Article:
If you do not change direc­tion”, said Lao Tzu, “you may end up where you are head­ing.” I’ve been think­ing about those ancient words of wis­dom for some time now. The rea­son is real­ly quite sim­ple. Nextsens­ing is about what needs to be next for peo­ple and their organ­i­sa­tions — but what if peo­ple won’t change? Flash back to my ear­li­er post on “Is any­one safe from the future?” I report­ed there on a provoca­tive arti­cle in The Econ­o­mist deal­ing with “inno­va­tion pes­simism”. Here’s snap­shot of what that ear­li­er post was about:

What, then, is this arti­cle real­ly about? To me, it is a fas­ci­nat­ing study between the speed of new think­ing and the speed of organ­i­sa­tions. I, too, share the con­cern that too many firms are still try­ing to catch up with the great inven­tions of yes­ter­day. I’m think­ing of those com­pa­nies that still ask cus­tomers to reg­is­ter any com­plaints via the old ways (snail­mail or tele­cons). And then there are the organ­i­sa­tions that con­tin­ue to fly peo­ple around the globe to attend half-day meet­ings that could be done via the Inter­net. And let’s not for­get the large health care cen­tres that have patients fill out paper­work to pro­vide infor­ma­tion that the patient has already pro­vid­ed, per­haps sev­er­al times over, with one or more doc­tors or with some­one else.

As I scan cur­rent Inter­net knowl­edge, I see that oth­ers are struck by the same bat­tle between the need to change and the resis­tance to change.

Scott Brinker pro­pos­es “Martec’s Law: Tech­nol­o­gy changes expo­nen­tial­ly, orga­ni­za­tions change log­a­rith­mi­cal­ly” [link]. He does a nice job, both with graph­ics and words, talk­ing about “The great man­age­ment dilem­ma of the 21st cen­tu­ry is the rela­tion­ship between these two curves: tech­nol­o­gy is chang­ing faster than orga­ni­za­tions can absorb change.” And, thus, one of the rea­sons I would sug­gest you read Scot­t’s thoughts is that he stress­es the impor­tance of organ­i­sa­tion­al lead­ers adopt­ing an inte­grat­ed start­e­gy for both chang­ing tech­nol­o­gy and chang­ing the cul­ture in which that tech­nol­o­gy will be used.My Name Is Change

Bri­an Las­siter also has some sage advice for lead­ers. In his post about “Chang­ing the Way Organ­i­sa­tions Change” [link], he says, “Change is messy. It is non-lin­ear – it is usu­al­ly chaot­ic, full of emo­tions, and com­plete­ly counter to human’s sur­vival wiring. No won­der organ­i­sa­tions strug­gle in mak­ing suc­cess­ful change! So what can lead­ers do to more effec­tive­ly nav­i­gate change – or at least cre­ate a cul­ture that is more resilient to change?” He pro­vides 13 sug­ges­tions, tied to (among oth­er areas) con­trol, uncer­tain­ty, data and let­ting go of out­dat­ed traditions.

Sean Culey pro­vides an exten­sive dis­cus­sion of this sub­ject in his Euro­pean Busi­ness Review post, “The 7 Keys to Unlock­ing Organ­i­sa­tion­al Great­ness” [link]. He reports on for­mal research he has done and then illus­trates his team’s con­clu­sions with a dia­gram of a tree. Why so? He wants his read­er to under­stand that the great­est rea­son for any resis­tance to change may be below the sur­face (under­ground, at the root lev­el). Then he dis­cuss­es “The Curse of the Four M’s”:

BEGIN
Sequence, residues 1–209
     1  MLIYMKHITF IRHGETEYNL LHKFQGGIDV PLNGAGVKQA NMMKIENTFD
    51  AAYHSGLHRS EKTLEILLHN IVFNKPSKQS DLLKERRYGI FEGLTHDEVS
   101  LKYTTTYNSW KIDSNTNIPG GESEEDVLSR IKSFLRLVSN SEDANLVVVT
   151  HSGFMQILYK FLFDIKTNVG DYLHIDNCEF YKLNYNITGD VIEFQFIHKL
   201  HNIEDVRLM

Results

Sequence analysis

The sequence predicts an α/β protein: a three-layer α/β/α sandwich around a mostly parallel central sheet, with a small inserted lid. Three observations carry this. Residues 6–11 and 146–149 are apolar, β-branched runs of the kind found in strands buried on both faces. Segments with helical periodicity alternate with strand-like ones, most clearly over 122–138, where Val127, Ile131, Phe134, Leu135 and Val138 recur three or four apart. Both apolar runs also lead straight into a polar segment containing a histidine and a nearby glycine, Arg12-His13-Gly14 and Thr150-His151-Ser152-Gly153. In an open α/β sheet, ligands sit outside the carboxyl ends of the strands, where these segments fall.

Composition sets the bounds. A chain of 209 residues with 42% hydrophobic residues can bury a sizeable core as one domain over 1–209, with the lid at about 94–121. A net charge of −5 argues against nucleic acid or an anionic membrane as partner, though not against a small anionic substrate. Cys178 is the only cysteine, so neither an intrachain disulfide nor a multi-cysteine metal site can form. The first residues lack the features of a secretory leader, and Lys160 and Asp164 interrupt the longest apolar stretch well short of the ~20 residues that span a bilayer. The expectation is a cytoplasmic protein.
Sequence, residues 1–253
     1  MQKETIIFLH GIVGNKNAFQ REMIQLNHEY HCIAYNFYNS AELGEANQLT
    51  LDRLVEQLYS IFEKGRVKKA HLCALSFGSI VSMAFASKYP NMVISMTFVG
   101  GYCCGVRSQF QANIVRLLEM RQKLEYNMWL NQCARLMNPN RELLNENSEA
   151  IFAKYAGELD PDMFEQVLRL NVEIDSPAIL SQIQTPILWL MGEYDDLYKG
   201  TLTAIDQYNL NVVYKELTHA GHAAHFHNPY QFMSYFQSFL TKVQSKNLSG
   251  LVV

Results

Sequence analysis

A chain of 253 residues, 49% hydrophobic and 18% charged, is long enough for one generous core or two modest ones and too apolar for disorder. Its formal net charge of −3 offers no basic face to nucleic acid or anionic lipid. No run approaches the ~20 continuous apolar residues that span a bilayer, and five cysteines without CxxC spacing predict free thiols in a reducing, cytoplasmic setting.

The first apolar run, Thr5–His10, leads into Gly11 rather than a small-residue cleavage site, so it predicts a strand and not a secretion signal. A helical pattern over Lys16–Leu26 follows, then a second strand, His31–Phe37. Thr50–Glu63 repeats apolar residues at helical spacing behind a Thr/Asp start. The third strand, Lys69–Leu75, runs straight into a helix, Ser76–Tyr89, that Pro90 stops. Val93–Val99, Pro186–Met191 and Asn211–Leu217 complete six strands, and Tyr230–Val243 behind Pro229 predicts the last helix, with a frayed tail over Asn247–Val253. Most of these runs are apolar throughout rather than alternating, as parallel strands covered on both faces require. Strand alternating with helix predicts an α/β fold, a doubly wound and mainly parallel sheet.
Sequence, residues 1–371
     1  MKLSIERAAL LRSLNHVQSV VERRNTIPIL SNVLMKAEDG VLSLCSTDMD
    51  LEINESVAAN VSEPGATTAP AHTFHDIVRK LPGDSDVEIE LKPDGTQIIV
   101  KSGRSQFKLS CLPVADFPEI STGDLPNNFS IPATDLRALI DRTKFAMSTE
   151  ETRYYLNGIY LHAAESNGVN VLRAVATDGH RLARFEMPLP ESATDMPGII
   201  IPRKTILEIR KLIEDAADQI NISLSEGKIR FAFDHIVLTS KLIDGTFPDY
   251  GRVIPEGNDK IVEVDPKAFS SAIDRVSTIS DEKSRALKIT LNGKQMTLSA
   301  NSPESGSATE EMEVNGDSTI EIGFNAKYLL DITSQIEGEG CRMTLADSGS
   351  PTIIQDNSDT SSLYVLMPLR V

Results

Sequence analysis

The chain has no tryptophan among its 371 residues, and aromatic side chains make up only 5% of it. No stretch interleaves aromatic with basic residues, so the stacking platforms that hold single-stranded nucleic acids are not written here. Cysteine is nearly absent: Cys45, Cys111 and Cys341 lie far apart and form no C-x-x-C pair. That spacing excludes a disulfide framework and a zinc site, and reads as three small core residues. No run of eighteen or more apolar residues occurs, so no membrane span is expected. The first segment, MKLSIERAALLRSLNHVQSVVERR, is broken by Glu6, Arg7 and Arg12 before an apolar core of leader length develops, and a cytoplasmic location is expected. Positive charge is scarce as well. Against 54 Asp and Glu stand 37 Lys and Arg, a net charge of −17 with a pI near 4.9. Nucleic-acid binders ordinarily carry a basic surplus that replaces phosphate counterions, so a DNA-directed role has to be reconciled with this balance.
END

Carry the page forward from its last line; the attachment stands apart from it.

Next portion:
Mind­set: The mind­set of the organ­i­sa­tion, its val­ues, beliefs and culture
Mon­ey: Whether the organ­i­sa­tion has a plen­i­tude or scarci­ty atti­tude to its finances
Man­age­ment: Exces­sive man­age­ment, scarce lead­er­ship; struc­ture over strategy
Met­rics: Exces­sive num­ber of func­tion­al­ly-focused met­rics, not aligned with the goals

I high­ly com­mend all of these thinkers and their posts to you. And I would add that per­haps one way to open the dis­cus­sion of change among peo­ple in your own organ­i­sa­tion is to think about the key role a sim­ple punc­tu­a­tion mark can make when added to the word “change”.

Change? If you add a ques­tion mark, peo­ple begin their think­ing about change with doubts. Why change? Why now? Who says so? Do I real­ly have to change?

Change. If you add a peri­od, peo­ple begin their think­ing about change as if it’s sta­t­ic, remote — some­thing “out there” that per­haps needs to be addressed by oth­ers but, as for us here, “if it ain’t broke.…”

Change! If you add an excla­ma­tion point, peo­ple can sense urgency, high impor­tance and, per­haps, some excite­ment and even a promise of improve­ment and, yes, innovation.

To be sure, Lao Tzu did not envi­sion the man­ag­er who has to wor­ry about chang­ing the way peo­ple do things today, whether those peo­ple are in front of com­put­ers or cus­tomers, in cubi­cles or on load­ing docks. But his words ring eter­nal­ly true. If your firm resists change, then the com­pa­ny and its peo­ple will more than like­ly end up pre­cise­ly where they are head­ing. And what com­pa­ny can afford, a year from today, to be exact­ly where it is now?

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